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In November 2023, the government announced a significant change to the law on holiday, confirming it will legislate to allow rolled-up holiday pay for irregular hours and/or part-year workers and introduce a new system for calculating holiday entitlement for those workers.
As a festive treat, we thought we would outline some key aspects to bear in mind in relation to the pending legislation – perhaps one to revisit in the New Year!
The new regulations will apply only in relation to leave years which start on or after 1 April 2024. So those employers who have holiday years in line with the calendar year will not be able to change the approach until 1 January 2025 (unless you change your holiday year).
The new regulations will only apply in England, Scotland, and Wales – not in Northern Ireland.
Nothing changes in relation to holiday accrual, or holiday pay for workers who are not an irregular hour or part-year worker. They will continue to be entitled to 5.6 weeks' annual leave per year, and holiday pay should be paid at "normal remuneration" for the first 4 weeks (which means factoring in commission, regular overtime and shift allowances). In practice, many employers pay all 5.6 weeks using a "normal remuneration" approach. Because of the recent Supreme Court decision in Agnew, as well as the draft regulations, you should check that you are already correctly factoring the appropriate payments into your holiday pay calculations.
The new regulations will only apply to two types of workers - irregular hours worker and part-year worker.
An irregular hour's worker: A worker whose number of hours that they will work in each pay period is, under the terms of their contract "wholly or mostly variable". This appears to capture many zero hours workers and variable hours workers (who are contracted to have variable hours).
Just to be clear, it does not capture workers whose contracted hours are fixed, but where the working pattern in which they will work them varies.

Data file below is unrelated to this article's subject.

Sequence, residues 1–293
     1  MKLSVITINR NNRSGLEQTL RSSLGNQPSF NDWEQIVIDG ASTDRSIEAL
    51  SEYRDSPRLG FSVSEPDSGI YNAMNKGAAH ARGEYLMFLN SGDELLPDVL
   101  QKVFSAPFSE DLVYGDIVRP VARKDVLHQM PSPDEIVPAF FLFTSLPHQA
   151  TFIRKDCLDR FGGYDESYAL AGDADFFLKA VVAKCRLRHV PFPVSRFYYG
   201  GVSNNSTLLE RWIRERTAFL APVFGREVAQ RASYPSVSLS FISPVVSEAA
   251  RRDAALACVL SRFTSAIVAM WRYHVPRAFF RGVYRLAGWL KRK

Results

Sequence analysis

A part-year worker: A worker who is only required, under the terms of their contract, to work part of the year with periods within that year (during the term of the contract) of at least a week where they are not required to work and are not paid. This appears to capture hourly paid term time only workers and seasonal workers (but arguably not those who are contracted to work term time but paid in regular monthly instalments).
For leave years which start after 1 April 2024, consider dealing with your workers in two groups at the start of each leave year:
This is so that holiday entitlement will accrue in hours (not weeks) on the last day of each pay period based on 12.07% of the actual hours worked in that pay period (and subject to a maximum of 28 days per year, although it is not clear how many hours this amounts to).
Where a worker has been absent owing to sick leave or family-related statutory leave, a 52-week reference period will be used to calculate the amount of holiday accrued in that time.
You can, if you want, implement "rolled-up" holiday pay by paying an uplift of 12.07% of all pay for work done at the time the work is done (instead of when the worker takes holiday).
If you want to utilise rolled-up holiday pay you need to:
The government's draft regulations codify the effect of a series of European decisions about when holiday can be carried over from one leave year to the next. Both "classical" and irregular hours/part-year workers will have a right, under the WTR, to carry over leave:
This is a seemingly ever-changing area of law, which is likely to cause headaches for employers in the years to come as and when the meaning of aspects of the new regulations are tested in the courts.
For specific advice about impact or implementation for your workforce, please contact us.